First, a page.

I’ve heard from a few sources recently that there is a move afoot in Whitehall to replace CIOs (Chief Information Officers) in government departments with CTOs (Chief Technology Officers) and CDOs (Chief Digital Officers). I don’t know the validity of that story, but it strikes me as credible as an attempt to shift the technology agenda from internal systems facing to external customer (or taxpayer, or citizen) facing.
People in tech, though, can get a bit sniffy about such branding changes. It’s easy to see it all as superficial.
What’s sometimes missed, though, is that if you want to do things differently, you need to not only change your actions but also your uniforms. If something looks like it used to, it’s much harder for others to accept that it has changed. If you want to get away from old-school IT, part of the change is to stop calling it IT and stop running it through a CIO. Changing names is only part of the puzzle – but shouldn’t be overlooked.
I had one of my regular put the world to rights sessions with Matt Baxter-Reynolds last night, and we were talking about this topic. It dawned on me that these issues of nomenclature impact on the supplier side of the industry too. Specifically, would Windows 8 have been more successful if it had been called, say, Microsoft Tiles?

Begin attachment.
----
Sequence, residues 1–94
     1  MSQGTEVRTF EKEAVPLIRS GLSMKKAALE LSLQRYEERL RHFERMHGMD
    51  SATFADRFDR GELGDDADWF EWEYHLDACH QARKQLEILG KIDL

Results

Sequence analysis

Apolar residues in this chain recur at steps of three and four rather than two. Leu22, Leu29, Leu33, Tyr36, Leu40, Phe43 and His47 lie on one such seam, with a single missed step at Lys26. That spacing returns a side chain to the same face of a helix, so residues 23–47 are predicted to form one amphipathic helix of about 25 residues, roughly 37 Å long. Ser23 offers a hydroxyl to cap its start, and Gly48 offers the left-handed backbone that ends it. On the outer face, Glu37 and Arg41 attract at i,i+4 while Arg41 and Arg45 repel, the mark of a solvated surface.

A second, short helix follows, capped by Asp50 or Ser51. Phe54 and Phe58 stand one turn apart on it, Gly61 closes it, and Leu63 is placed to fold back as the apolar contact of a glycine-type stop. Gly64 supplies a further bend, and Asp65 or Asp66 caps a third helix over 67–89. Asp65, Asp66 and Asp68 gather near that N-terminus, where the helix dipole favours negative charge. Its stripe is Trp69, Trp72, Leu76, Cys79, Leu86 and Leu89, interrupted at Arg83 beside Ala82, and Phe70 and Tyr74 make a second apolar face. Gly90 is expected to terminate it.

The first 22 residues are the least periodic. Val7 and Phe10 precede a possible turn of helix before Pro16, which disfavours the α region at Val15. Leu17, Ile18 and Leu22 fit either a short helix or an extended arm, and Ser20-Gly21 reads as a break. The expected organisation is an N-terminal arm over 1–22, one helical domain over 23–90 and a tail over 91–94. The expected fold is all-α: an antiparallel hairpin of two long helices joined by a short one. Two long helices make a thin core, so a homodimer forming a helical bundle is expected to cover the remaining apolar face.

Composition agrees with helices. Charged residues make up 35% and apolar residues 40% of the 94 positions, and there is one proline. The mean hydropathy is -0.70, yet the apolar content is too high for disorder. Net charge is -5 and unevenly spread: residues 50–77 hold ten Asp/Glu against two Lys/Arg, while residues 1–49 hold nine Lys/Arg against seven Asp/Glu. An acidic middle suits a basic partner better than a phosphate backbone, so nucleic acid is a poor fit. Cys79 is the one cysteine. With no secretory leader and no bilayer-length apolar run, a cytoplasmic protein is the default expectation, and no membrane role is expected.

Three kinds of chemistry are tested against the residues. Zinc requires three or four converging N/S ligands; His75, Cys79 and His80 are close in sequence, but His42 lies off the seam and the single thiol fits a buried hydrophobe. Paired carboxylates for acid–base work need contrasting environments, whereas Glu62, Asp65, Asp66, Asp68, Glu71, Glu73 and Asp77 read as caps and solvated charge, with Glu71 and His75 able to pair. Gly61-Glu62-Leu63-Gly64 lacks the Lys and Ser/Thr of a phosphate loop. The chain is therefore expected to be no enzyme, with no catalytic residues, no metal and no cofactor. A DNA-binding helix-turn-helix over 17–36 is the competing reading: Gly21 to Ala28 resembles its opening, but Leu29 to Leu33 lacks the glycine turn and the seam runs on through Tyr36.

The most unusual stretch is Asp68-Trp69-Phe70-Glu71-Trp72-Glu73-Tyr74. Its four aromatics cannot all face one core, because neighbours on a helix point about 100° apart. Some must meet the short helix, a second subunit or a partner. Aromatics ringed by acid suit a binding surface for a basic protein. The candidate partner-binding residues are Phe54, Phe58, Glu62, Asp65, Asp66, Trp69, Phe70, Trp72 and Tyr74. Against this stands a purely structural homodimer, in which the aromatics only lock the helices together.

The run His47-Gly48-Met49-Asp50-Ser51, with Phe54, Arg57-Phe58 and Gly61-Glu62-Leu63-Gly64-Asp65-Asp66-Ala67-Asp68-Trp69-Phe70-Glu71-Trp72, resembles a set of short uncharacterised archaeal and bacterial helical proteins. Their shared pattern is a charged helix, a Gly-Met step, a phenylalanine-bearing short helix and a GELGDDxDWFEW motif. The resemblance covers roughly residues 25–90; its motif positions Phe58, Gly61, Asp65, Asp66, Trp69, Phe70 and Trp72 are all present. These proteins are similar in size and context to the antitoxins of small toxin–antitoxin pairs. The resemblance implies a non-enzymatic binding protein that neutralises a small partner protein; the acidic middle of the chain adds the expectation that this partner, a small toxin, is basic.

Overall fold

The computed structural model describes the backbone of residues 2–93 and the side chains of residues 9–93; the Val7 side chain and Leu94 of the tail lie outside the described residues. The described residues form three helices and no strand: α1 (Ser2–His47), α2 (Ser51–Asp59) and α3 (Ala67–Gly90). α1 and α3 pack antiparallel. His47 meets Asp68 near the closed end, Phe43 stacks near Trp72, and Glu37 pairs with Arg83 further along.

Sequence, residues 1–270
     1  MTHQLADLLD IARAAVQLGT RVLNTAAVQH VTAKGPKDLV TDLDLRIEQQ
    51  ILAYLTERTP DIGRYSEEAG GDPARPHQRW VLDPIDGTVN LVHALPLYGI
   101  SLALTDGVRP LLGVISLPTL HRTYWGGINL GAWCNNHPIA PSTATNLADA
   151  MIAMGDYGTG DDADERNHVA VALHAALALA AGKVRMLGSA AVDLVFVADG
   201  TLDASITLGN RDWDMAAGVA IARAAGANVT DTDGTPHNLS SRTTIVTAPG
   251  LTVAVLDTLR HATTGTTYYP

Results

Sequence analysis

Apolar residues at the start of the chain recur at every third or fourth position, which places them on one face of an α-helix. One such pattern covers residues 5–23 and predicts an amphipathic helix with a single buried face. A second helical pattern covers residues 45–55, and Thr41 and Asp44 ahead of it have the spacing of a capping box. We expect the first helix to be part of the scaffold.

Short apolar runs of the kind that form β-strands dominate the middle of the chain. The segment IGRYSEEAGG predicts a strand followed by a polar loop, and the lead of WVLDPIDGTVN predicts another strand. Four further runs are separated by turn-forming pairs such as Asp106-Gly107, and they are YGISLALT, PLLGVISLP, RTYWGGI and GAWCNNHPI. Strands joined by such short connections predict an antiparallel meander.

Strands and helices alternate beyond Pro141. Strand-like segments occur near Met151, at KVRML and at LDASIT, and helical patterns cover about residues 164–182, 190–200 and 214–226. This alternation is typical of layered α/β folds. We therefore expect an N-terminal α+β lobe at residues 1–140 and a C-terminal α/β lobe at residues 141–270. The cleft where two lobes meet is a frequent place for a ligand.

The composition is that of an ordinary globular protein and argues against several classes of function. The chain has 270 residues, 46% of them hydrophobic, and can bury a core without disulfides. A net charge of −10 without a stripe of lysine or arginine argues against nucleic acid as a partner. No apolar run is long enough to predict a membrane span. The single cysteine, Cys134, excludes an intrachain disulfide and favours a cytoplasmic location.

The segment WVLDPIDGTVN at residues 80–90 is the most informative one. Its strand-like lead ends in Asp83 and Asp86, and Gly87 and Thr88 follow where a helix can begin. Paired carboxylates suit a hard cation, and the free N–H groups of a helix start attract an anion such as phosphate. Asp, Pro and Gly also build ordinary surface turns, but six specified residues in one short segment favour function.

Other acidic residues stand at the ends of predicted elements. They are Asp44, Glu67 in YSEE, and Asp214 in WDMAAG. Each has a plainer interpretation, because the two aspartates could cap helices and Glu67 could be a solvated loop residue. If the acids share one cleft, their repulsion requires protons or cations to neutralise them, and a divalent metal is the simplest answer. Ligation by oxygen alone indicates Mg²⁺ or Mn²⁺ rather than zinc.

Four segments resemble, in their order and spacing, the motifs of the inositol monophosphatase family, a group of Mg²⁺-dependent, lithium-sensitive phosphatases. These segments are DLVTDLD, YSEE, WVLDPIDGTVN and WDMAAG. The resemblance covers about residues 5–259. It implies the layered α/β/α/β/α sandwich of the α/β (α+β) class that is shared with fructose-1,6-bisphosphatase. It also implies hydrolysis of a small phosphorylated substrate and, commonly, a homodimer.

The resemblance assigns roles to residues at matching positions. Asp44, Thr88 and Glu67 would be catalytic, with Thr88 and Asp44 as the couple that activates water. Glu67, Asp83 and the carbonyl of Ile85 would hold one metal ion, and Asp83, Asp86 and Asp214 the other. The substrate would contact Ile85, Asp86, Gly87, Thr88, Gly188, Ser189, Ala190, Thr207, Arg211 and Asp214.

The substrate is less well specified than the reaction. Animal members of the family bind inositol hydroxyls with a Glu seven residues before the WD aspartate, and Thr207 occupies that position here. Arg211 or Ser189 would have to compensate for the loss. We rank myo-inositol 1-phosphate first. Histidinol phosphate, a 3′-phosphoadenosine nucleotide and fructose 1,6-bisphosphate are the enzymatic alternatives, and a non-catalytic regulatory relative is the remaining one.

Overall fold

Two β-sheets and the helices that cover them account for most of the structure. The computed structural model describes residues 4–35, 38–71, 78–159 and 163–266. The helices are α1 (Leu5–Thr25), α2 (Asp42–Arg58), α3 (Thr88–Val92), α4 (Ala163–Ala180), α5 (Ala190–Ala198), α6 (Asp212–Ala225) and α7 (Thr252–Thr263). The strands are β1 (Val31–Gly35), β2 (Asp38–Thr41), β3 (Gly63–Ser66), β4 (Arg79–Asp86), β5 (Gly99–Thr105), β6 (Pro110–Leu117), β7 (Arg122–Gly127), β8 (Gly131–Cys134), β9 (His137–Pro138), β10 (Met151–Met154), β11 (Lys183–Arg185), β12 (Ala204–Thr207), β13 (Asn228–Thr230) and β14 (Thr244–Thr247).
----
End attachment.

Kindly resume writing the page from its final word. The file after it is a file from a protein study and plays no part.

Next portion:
Now put aside for the moment the question of whether “Tiles” is a good brand name or not – focus though on would the act of changing the brand (maybe to be strap-lined as “with Windows inside”) have made acceptance of the new product easer than it being identified as “merely” an incremental new version of a known entity? Was much of the cognitive dissonance that was caused by the user interface previously known as Metro as a result of it saying “Windows” on the box?
Certainly Apple didn’t have die-hard Mac users complaining at the time of the iPad coming out about it not being MacOS-enough. If the iPad had been known as the MacSlate, I wonder if it would have been the success it has been?